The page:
One year after Brussels attacks, Belgium falls silent
Belgium observed a moment of silence on Wednesday to mark the first anniversary of the Islamic State bombings in Brussels, beginning a day of emotional ceremonies designed to show that the heart of Europe stands defiant.
A sombre King Philippe and Queen Mathilde, along with Belgian Prime Minister Charles Michel and other ministers, lined up quietly at 7:58 am outside the renovated Zaventem Airport to mark the exact time when two suicide bombers killed 16 people and wounded many more at the site.
During the airport ceremony, a woman clutched white roses as Eddy Van Calster, the brother of airport check-in agent Fabienne Van Steenkiste, who was killed in the attack, played a rock ballad in tribute.
As hundreds of people including victims' family members and rescue workers looked on, an airport official read out all of the names of all of the victims. "March 22 2016, will forever be in our hearts...we stand here united," the official said.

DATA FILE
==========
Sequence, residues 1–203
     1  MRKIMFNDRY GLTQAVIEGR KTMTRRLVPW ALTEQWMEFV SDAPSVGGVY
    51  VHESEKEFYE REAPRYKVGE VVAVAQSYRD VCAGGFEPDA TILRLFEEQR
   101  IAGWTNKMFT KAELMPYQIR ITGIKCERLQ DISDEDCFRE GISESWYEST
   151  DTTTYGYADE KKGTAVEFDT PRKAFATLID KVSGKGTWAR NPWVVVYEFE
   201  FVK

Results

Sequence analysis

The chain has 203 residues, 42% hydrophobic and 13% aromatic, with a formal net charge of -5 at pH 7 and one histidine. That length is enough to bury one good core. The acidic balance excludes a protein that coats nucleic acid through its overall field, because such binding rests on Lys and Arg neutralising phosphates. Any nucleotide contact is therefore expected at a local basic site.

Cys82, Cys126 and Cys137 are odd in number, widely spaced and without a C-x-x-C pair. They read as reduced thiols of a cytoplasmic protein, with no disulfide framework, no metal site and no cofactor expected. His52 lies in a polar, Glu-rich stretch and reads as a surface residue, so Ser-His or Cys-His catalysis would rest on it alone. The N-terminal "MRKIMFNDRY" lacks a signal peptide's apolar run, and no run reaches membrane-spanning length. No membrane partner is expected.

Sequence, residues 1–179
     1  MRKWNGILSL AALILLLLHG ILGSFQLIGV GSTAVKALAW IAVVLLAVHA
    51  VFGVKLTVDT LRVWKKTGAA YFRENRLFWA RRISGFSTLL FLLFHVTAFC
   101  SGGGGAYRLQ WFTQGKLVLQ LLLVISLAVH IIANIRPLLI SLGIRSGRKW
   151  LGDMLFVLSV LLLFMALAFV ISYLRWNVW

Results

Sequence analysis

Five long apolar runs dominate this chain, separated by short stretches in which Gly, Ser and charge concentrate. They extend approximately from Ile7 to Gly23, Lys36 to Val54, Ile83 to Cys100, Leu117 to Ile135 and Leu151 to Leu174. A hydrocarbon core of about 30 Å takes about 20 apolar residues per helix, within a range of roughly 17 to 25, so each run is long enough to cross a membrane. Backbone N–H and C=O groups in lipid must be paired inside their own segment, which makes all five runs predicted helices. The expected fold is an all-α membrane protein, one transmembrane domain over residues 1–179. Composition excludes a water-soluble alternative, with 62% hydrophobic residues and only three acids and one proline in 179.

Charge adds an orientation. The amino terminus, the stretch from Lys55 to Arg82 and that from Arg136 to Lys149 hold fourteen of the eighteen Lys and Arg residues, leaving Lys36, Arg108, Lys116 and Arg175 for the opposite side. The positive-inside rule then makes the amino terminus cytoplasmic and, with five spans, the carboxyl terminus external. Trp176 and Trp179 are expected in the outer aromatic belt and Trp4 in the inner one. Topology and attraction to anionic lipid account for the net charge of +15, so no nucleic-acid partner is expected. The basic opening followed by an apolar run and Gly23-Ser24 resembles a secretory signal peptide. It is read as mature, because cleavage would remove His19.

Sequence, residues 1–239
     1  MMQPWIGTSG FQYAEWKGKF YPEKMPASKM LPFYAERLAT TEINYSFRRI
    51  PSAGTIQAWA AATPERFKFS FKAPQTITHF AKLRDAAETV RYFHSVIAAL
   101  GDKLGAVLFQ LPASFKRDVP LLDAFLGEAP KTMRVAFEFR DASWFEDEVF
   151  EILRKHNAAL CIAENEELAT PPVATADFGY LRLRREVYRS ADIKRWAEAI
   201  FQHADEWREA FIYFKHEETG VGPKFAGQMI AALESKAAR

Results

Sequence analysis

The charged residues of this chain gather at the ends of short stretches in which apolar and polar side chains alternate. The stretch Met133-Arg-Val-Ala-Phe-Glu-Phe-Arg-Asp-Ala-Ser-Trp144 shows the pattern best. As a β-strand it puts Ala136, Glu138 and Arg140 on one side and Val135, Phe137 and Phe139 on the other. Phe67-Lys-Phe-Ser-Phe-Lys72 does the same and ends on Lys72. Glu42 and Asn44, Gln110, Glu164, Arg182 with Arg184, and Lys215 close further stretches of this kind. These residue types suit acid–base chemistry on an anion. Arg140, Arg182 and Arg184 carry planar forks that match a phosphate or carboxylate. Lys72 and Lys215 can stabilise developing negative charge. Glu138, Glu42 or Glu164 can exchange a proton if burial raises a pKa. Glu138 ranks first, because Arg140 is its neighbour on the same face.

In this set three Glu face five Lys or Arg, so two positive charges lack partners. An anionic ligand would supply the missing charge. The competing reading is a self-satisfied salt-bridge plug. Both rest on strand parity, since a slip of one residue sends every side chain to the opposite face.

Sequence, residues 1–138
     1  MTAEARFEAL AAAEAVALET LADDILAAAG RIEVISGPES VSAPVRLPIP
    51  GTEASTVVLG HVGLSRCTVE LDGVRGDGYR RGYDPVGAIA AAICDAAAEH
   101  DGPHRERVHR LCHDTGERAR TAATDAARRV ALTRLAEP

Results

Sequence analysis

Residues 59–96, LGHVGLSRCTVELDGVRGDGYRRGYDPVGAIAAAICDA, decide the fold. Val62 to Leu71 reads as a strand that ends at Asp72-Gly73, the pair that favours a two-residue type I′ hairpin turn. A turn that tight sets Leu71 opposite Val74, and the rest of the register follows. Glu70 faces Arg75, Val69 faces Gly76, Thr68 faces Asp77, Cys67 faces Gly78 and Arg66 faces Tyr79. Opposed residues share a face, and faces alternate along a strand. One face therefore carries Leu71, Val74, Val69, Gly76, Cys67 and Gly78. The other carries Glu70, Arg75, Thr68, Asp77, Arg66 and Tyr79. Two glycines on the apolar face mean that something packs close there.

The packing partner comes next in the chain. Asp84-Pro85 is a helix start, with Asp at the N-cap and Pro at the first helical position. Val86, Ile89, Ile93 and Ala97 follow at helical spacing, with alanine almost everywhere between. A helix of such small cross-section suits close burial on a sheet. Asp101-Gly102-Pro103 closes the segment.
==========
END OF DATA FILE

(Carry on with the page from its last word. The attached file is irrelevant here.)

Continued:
The royals led a second moment of silence at 9:11 am at Maalbeek subway station to mark the moment a third suicide bomber killed another 16 people on a crowded train.
More than 320 people were wounded in both attacks.
In act of defiance and solidarity, the event at Maalbeek is due to be followed by applause and a "minute of noise" as trains, trams and buses come to a halt in memory of the victims of the country's worst ever terror attacks.
The king and queen will inaugurate a new steel memorial at the heart of the European Union institutions based in Brussels. A year on, Belgium remains on high alert with troops patrolling the streets and warnings of fresh risks from Islamic State jihadists returning home from Iraq and Syria. Investigators say the blasts were carried out by a network that was also behind the November 2015 Paris attacks, in which 130 people were killed, and acted on orders from the IS high command.
Ibrahim El Bakraoui and Najim Laachraoui struck at the airport while Bakraoui's brother exploded his bomb at the metro station. While tightly guarded, Wednesday's ceremonies focused on bringing Belgian society together, from royalty to schoolchildren, and from people of all faiths.
"Today (Wednesday) we remember the victims of the attacks. We all remain united," Michel tweeted. During the "minute of noise", commuters will be invited to take part "to show that they do not forget but they will stay standing against hate and terror", said a Brussels public transport company.